Grants Available for Biological Integrated Farming

CDFA Offering Grants for Biological Farming Systems

 The California Department of Food and Agriculture (CDFA) is now accepting grant applications for its Biologically Integrated Farming Systems (BIFS) Program and its Proactive Integrated Pest Management (IPM) Solutions Program, administered by the Office of Pesticide Consultation and Analysis (OPCA).

BIFS GRANTS
The goal of the BIFS grant program is to fund on-farm demonstration and evaluation of innovative biologically-based farming systems that employ Integrated Pest Management (IPM) strategies. CDFA is responsible for supporting agricultural production in California by fostering innovative, efficient and scientifically sound practices.

Applications are due on 5 p.m., October 31, 2019. Detailed information on the Biologically Integrated Farming Systems program, including the application process and requirements, is available at https://www.cdfa.ca.gov/oefi/opca/bifs.html.

OPCA received a one-time appropriation of $2 million for BIFS as part of the 2019-2020 budget that will be allocated in two blocks: $1 million in the current solicitation and another $1 million in 2020-2021.

PROACTIVE IPM SOLUTIONS GRANTS
The goal of the Proactive IPM Solutions Program is to anticipate exotic pests likely to arrive in California and to identify and test IPM strategies which can then be quickly implemented if the pests are detected. CDFA is responsible for preventing and mitigating invasive pests. Techniques resulting from this proactive approach will allow for rapid deployment of management plans.

Applications are due at midnight, October 31, 2019. Detailed information on the Proactive IPM Solutions Program, including the application process and application requirements, is available at https://www.cdfa.ca.gov/oefi/opca/proactive-ipm.html

A total of $1.2 million amount is available for Proactive IPM Solutions in this grant cycle. Funds for the current Request for Proposal (RFP) come from two sources. First, OPCA received an annual appropriation of $544,000 for this and other research as part of the 2019-2020 budget. An additional $3.5 million was allocated in the 2019-2020 budget to specifically help California’s farmers transition away from chlorpyrifos, an insecticide that has long been used to combat newly-arrived invasive pests but is being phased out in California.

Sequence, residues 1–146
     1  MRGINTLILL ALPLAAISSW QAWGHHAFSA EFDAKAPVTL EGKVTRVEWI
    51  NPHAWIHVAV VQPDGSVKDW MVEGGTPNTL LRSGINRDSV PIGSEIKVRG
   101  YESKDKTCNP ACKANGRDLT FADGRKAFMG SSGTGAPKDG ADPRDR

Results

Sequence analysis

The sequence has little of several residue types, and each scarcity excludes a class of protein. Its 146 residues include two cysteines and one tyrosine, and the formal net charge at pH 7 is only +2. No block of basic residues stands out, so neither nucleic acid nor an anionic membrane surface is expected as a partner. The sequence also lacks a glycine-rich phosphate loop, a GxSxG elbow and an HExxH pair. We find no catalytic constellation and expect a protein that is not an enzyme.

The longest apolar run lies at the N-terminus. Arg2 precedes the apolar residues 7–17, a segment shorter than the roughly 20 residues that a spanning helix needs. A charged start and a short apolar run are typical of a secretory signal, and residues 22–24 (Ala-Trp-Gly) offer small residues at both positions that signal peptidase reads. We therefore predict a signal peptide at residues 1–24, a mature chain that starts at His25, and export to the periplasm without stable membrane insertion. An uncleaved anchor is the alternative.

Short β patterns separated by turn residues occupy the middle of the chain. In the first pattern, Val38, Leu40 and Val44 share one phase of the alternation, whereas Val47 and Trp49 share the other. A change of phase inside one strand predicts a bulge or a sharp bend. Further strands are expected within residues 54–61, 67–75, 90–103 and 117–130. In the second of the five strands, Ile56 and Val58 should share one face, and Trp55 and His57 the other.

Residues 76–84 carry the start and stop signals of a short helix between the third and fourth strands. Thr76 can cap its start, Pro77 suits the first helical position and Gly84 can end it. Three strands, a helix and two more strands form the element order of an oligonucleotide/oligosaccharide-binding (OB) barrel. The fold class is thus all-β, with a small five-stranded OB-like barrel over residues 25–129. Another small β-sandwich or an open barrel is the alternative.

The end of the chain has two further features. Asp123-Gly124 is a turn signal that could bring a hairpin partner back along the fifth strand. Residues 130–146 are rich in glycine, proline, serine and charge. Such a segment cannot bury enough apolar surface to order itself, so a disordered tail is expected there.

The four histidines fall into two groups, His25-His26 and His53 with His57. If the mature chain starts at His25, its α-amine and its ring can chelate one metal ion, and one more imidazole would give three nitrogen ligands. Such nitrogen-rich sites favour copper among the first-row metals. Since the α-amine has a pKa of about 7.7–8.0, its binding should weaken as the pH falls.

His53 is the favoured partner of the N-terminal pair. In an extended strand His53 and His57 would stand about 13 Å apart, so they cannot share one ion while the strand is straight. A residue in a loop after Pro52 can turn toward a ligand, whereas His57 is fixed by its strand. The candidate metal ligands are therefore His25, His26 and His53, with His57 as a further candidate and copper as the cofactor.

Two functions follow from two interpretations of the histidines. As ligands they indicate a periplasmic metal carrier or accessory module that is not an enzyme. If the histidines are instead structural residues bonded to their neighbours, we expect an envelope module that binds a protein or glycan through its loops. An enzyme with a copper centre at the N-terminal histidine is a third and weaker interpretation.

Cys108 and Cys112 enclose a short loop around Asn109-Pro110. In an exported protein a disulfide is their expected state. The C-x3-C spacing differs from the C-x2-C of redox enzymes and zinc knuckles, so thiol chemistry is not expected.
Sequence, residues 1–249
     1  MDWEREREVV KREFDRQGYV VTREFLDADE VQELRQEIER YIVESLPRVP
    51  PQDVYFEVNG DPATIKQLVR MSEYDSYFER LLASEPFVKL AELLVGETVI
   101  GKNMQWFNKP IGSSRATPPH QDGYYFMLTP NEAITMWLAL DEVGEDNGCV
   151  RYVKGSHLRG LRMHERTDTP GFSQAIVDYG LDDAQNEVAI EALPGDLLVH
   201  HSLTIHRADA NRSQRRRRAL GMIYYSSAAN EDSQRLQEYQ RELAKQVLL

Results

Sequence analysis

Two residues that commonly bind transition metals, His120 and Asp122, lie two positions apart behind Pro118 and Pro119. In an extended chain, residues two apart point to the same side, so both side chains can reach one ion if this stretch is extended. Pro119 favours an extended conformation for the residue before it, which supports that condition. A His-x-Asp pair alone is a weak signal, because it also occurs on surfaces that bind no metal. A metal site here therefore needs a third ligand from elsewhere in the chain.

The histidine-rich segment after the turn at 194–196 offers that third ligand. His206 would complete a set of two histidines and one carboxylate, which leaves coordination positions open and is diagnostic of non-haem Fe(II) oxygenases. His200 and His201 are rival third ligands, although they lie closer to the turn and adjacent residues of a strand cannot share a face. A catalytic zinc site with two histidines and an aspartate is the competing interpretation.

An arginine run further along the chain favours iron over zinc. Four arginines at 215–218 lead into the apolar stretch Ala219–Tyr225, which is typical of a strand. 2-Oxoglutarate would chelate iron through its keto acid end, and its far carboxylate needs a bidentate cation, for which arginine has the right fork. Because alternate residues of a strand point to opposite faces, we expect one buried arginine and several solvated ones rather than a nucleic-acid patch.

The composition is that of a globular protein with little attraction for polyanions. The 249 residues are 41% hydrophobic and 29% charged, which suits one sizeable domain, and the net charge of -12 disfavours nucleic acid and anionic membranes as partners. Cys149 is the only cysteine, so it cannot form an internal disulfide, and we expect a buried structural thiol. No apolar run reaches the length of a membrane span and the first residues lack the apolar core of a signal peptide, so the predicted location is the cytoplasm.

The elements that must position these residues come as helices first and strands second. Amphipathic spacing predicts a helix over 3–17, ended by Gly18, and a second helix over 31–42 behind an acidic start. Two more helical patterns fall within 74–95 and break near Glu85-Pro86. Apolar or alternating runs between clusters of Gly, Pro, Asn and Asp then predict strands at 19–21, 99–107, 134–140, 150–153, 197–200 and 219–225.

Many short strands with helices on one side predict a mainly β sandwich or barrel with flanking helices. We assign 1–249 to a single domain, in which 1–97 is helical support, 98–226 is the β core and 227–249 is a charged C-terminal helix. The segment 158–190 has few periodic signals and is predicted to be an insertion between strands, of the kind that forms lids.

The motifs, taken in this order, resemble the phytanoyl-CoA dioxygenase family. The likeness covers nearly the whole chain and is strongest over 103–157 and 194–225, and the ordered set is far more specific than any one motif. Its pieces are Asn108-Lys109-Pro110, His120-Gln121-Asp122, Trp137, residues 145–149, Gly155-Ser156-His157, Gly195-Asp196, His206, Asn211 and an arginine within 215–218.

OPCA provides consultation to the California Department of Pesticide Regulation (DPR) on pesticide regulatory matters. The office’s consultative activities focus on potential pesticide regulatory impacts and pest management alternatives that may mitigate or prevent such impacts on production agriculture. OPCA staff is also involved in other projects relating to pesticide use and alternatives. Information on the Office of Pesticide Consultation and Analysis is available at https://www.cdfa.ca.gov/oefi/opca/.

Biopesticides Play a Bigger Role in Pest and Disease Control

By Colby Tibbet, California Ag Today Reporter

 

Pam Marrone, founder and CEO of Davis-based Marrone Bio Innovations, says biopesticides, a new frontier of pest control, works better when combined with conventional methods. “In the past, these biological products were standalone—like you see at your land grant colleges,” said Marrone.

“They would test standalone against the best cocktail chemicals. But where you see the best result is when they are incorporated into the mix,” said Marrone. “Likewise, nearly all the time, you see better results when biologicals are incorporated into the program than chemical-only programs, and you can validate that over and over again with on-farm demos,” added Marrone.

Marrone noted that biopesticides are price-competitive with traditional pesticides. “When you compare, dollar-for-dollar, today’s biopesticides are actually very cost-competitive. I think that’s a holdover from the past. There are high-priced and low-priced products—just like chemicals; you have sulfur and copper on the low end and chemical fungicides on the high-end.”

“It’s the same with biologicals. So, in our company, we looked at the full range of competitive products and priced in the middle-of-the-block to be competitive,” said Marrone.

“Historically the penetration has been in high-value fruits, nuts and vegetables,” Marrone said, “because of the issues of resistance, residues and worker re-entry. And that’s where the predominant use of these products remains, but there is now an interest is using them in the large-acre crops as well,” said Marrone.